Yesterday evening I made an attempt at writing something, anything, to in some way explain myself. A new website design has presented me with a blog function, and I feel game to the possibility it presents. It seemed necessary to introduce things somehow. But, in fact, there simply wasn’t much use in writing, not that way. At the end of an hour everything was struck through.
A bit later, working, I look up. My studio is a small room in our small house, and it is crowded with supplies, with overfull bookshelves, and art on all but one wall. Now I realize that every piece on one of those three art-lined walls is severely cooked. These aren’t my works—that’s what the fourth wall is for—but works I have acquired over the years. I acquired them because I love them and feel a need to care for them. I really ought to level them, I think. And returning my eyes to my work I see that it too has gotten off-kilter. Light playing across the wet surface reveals that things are not going smoothly. This will also have to be leveled.
The piece I’m working on wants very flat color. There is a stillness in its need for flatness. The colors and the space more or less between the colors are, hopefully, all the more consequential for this stillness.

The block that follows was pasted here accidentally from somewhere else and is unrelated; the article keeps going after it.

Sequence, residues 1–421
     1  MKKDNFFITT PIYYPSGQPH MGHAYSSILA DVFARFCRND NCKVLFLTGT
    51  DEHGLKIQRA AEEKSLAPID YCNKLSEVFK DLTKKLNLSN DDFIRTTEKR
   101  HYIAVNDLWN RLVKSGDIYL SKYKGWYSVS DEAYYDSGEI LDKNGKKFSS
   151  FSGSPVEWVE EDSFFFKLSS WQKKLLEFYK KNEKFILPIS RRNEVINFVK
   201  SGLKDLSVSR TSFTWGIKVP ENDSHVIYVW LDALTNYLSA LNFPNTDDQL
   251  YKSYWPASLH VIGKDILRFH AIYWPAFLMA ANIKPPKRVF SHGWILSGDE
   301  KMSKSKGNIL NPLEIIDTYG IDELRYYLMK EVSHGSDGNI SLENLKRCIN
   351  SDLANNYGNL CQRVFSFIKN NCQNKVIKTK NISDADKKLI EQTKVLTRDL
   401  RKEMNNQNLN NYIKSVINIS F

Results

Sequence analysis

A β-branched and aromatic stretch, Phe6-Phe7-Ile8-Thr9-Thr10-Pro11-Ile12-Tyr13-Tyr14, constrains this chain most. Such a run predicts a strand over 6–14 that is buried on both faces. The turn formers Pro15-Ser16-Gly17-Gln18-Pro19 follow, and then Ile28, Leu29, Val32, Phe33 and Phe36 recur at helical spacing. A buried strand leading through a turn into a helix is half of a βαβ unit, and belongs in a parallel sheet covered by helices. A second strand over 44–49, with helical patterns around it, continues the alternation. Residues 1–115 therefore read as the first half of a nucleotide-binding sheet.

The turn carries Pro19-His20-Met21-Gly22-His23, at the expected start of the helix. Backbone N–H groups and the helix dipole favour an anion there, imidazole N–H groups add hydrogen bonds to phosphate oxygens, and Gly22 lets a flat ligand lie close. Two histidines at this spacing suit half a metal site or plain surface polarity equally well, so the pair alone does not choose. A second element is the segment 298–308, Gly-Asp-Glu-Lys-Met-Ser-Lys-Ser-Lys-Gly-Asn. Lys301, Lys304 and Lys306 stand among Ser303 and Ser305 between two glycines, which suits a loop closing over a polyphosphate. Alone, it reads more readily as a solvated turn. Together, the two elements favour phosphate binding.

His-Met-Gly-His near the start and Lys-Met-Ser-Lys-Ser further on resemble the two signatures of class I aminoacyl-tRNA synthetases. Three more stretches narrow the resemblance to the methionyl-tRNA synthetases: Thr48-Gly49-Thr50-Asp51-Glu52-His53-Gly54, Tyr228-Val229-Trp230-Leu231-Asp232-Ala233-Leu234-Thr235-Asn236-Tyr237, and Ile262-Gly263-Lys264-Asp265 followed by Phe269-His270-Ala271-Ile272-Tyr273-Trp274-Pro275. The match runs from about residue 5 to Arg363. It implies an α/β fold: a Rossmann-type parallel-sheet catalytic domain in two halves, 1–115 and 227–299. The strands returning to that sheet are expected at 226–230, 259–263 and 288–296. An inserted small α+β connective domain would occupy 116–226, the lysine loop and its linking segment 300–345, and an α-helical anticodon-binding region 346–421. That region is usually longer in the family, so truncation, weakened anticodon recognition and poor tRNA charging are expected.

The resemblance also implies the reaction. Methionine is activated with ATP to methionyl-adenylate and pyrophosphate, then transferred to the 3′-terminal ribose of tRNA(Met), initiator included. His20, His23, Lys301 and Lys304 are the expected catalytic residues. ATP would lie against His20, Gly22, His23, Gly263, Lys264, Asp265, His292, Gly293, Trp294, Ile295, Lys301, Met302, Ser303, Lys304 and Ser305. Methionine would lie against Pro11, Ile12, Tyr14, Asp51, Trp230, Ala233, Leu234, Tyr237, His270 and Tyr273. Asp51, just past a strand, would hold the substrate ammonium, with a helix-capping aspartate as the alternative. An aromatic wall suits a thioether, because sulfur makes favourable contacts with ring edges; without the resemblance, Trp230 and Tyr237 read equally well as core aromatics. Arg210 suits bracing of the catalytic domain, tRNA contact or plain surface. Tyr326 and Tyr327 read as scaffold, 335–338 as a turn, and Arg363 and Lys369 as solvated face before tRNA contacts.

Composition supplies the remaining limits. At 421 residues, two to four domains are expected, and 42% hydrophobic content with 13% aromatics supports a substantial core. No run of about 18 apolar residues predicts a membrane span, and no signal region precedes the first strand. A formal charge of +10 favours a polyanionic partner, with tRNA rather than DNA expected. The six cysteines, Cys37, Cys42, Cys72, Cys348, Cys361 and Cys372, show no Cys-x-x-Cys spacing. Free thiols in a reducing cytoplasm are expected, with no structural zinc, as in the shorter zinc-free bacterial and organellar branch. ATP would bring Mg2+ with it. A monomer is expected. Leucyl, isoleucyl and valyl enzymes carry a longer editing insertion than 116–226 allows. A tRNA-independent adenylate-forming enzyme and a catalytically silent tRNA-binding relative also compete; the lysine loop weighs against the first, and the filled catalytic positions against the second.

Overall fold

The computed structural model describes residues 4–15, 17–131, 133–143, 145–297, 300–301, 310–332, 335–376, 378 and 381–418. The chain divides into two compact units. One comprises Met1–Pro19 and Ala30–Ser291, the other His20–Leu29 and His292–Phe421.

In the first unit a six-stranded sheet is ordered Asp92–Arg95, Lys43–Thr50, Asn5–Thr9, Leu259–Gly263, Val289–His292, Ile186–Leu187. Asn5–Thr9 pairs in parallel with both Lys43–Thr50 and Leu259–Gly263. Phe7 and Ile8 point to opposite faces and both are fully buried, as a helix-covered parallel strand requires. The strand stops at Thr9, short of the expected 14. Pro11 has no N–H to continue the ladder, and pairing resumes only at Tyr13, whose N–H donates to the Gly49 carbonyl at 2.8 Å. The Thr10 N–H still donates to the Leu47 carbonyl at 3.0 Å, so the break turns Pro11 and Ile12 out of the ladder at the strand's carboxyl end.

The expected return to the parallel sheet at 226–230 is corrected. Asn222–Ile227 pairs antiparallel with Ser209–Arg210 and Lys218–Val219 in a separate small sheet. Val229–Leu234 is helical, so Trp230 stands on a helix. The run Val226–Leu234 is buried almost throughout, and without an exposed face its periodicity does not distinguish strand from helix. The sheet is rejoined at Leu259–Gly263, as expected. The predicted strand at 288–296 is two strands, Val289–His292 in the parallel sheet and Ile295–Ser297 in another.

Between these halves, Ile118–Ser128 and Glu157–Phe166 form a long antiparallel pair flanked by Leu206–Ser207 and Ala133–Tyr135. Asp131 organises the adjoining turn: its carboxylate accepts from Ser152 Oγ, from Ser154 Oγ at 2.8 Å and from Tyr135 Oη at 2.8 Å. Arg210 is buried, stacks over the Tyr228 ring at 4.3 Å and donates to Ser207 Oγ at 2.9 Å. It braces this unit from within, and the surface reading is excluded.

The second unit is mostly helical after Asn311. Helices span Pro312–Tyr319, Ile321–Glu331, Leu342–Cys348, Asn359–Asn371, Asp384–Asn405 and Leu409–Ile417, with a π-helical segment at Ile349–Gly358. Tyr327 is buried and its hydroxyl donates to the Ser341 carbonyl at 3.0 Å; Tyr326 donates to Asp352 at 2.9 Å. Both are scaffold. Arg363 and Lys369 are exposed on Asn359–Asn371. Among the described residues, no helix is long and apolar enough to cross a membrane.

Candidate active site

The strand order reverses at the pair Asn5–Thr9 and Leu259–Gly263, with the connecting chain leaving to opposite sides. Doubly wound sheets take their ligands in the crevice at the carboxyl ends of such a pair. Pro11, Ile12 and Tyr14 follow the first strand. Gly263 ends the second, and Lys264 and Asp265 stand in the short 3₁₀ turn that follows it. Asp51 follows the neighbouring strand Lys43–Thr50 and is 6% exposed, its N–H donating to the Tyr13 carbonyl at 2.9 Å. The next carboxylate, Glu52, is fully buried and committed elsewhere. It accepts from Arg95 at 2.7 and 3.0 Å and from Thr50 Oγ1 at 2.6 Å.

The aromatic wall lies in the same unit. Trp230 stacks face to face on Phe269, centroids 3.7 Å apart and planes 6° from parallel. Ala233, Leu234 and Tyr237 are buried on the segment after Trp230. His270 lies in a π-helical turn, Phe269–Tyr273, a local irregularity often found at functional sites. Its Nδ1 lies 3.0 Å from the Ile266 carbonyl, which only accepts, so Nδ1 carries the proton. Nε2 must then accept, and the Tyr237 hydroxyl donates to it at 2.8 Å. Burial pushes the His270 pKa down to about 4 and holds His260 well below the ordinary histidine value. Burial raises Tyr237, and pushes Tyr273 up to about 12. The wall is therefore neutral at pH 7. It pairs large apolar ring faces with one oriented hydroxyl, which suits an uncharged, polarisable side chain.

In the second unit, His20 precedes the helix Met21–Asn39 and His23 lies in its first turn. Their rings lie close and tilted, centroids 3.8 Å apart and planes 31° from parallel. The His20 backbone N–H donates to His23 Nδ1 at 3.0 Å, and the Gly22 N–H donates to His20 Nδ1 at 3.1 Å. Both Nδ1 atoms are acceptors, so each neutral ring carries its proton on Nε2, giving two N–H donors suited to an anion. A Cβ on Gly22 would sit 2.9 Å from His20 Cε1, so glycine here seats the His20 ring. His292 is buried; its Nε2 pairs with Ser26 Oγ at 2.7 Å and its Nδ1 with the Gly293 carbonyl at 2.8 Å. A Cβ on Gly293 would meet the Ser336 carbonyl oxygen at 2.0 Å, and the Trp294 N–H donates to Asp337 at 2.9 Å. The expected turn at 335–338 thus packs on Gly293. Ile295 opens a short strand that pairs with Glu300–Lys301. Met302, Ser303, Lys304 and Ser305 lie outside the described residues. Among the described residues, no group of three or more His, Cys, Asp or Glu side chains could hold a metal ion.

There’s a lot of watching paint dry, when I have the time to sit with it. I like this time of the work. Waiting, I open Leopardi’s Zibaldone at random to a passage describing the pleasure in swiftness, and in swiftness being related to speed. This fills me with apprehension. Living nearly two-hundred years later I find myself less pleased with and more wary of speed. But Leopardi is not wrong. In painting there is real delight in, say, Karel Appel’s frenetic attacks on the canvas, as though entirely guided by instinct and driven by pure animal impulse. I look at my own work and in this moment do not know what to make of it. This is not because of comparison I am making to another artist, but because of a specific quality I have a sudden need to consider. In his entry Leopardi notes he is referencing an earlier thought. I turn back to it. It doesn’t help, but the next entry catches my eye. Citing Periander, Leopardi gives the dictum, “Everything is exercise.” The painting lying before me is still becoming the thing that it is. It is time to get back to work. The thin layer just applied is now dry. I sand it, brush the dust away, and begin applying another coat. This time it works. Flatness is achieved. How did I do it? With just the right brush load and just the right amount of pressure, I moved with enough speed.
Soon I will climb a ladder, spirit level in hand, to straighten out a few pictures. When I come back down I will add another thin layer to this flat little crimson disk. Then for a moment I will sit and watch the paint dry. The hummingbird is also a wild animal.